How to get the NFL mad about calling the Super Bowl ‘the Super Bowl’

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Americans make too much of the Super Bowl.

I know this seems intentionally contrarian, and, to some extent, it is. But we do. We spend all of this time talking about it and everybody watches it and we have parties and all that. On rare occasions, it’s a good game. Often, it’s not. At some point, someone figured out that an effective way to offset this tepidity was to have interesting ads run in the breaks, so that became a thing. By now, though, it’s mostly the same stuff: Budweiser doing 14 versions of a wacky thing, a heartfelt spot about family from someone like Target that runs three times in the fourth quarter, a spot from Google that cleanly blends primary colors with reflecting cellphones . That you can visualize all of those immediately upon reading the sentence proves the point.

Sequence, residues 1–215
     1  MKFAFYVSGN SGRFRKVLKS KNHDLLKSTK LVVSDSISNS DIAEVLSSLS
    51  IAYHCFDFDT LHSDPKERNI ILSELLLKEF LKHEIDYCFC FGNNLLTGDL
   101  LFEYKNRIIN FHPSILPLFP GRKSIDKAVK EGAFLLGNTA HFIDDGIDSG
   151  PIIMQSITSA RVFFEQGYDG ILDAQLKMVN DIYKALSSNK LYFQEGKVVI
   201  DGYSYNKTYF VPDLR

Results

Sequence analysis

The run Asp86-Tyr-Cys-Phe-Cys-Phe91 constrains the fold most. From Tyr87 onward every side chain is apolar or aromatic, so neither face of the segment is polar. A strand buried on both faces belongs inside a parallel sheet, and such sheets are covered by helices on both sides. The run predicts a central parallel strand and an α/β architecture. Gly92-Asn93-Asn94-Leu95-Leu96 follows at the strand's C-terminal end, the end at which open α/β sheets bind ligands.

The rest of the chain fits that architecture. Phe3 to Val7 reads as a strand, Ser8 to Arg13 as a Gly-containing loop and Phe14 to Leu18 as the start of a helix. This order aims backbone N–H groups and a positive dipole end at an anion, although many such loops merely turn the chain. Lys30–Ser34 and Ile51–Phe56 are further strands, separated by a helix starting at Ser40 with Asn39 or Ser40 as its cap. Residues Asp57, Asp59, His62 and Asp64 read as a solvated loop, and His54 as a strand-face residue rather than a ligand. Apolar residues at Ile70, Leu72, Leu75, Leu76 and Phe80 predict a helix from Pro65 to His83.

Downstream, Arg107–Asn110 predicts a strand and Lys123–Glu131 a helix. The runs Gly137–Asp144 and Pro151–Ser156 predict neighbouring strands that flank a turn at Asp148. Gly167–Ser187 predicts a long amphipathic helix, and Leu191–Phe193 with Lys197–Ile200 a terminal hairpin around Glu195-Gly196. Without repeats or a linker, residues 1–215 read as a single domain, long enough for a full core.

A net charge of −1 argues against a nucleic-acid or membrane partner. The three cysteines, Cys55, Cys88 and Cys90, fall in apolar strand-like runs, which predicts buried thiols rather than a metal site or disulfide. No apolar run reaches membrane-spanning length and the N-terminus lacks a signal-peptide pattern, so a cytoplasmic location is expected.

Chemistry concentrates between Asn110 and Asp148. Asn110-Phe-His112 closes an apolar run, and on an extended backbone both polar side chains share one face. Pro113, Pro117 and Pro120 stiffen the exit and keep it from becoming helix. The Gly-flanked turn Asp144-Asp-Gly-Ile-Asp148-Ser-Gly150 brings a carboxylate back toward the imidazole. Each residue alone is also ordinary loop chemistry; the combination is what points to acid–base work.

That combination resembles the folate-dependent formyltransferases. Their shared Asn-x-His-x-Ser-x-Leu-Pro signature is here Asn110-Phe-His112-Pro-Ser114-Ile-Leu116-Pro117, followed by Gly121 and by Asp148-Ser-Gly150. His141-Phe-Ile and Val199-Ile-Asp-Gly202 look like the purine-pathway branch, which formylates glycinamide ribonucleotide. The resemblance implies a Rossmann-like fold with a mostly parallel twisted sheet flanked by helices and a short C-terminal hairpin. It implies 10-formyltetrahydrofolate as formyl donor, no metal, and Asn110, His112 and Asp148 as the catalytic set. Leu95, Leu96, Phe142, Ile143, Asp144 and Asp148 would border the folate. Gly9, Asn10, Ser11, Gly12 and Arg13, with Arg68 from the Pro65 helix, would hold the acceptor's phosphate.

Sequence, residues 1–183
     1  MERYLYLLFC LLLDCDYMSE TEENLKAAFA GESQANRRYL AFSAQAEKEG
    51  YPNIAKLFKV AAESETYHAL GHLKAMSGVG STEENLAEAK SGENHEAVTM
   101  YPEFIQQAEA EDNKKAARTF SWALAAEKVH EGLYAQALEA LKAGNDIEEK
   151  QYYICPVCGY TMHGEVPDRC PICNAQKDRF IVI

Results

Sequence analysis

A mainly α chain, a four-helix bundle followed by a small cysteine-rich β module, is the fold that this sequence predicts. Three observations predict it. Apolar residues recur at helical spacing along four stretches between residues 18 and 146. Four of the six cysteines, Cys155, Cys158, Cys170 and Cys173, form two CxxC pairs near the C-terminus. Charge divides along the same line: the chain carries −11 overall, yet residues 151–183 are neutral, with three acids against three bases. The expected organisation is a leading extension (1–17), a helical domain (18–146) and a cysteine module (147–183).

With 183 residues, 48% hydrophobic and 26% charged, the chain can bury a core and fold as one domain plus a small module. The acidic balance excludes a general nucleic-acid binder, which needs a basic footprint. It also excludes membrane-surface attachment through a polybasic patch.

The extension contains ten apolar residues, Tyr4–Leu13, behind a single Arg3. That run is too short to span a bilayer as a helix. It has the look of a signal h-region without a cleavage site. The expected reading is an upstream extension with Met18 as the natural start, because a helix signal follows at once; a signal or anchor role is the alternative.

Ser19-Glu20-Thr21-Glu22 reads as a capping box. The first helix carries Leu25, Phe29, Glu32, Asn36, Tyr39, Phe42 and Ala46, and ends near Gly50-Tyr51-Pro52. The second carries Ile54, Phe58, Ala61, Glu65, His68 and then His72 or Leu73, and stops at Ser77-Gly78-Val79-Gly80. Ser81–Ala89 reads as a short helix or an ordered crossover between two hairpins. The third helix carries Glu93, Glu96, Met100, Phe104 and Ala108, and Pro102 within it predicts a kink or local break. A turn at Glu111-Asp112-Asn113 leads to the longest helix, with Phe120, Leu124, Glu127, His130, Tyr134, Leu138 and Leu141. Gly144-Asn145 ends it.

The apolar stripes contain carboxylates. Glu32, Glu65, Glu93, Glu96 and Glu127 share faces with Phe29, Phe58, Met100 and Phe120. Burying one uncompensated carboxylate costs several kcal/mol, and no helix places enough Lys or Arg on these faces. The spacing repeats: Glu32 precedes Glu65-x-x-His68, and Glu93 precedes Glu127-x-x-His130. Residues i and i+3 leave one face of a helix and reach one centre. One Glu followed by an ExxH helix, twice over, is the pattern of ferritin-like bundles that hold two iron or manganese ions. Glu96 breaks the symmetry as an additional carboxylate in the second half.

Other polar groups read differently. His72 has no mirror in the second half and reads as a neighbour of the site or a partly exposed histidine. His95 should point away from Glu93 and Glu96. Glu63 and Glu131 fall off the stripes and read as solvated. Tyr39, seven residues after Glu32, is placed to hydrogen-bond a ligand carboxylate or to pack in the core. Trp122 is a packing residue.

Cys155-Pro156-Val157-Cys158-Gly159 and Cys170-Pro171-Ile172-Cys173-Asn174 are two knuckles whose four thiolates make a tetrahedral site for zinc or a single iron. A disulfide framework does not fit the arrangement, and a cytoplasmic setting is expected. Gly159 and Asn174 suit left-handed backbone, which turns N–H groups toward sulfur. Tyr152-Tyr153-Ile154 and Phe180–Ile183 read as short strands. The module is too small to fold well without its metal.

This year, we get all of that plus the Cincinnati Bengals. Anyone who says they are enthusiastic about it is flat-out lying.

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There is, however, a hackneyed aspect of the Super Bowl that I’ve always found interesting: the NFL’s hyperactive protection of the term “Super Bowl” itself. This game makes everyone involved an outrageous amount of money, and so the league runs a Stasi-level policing effort to ensure that the people who are allowed to use “Super Bowl” are the only people who use “Super Bowl.”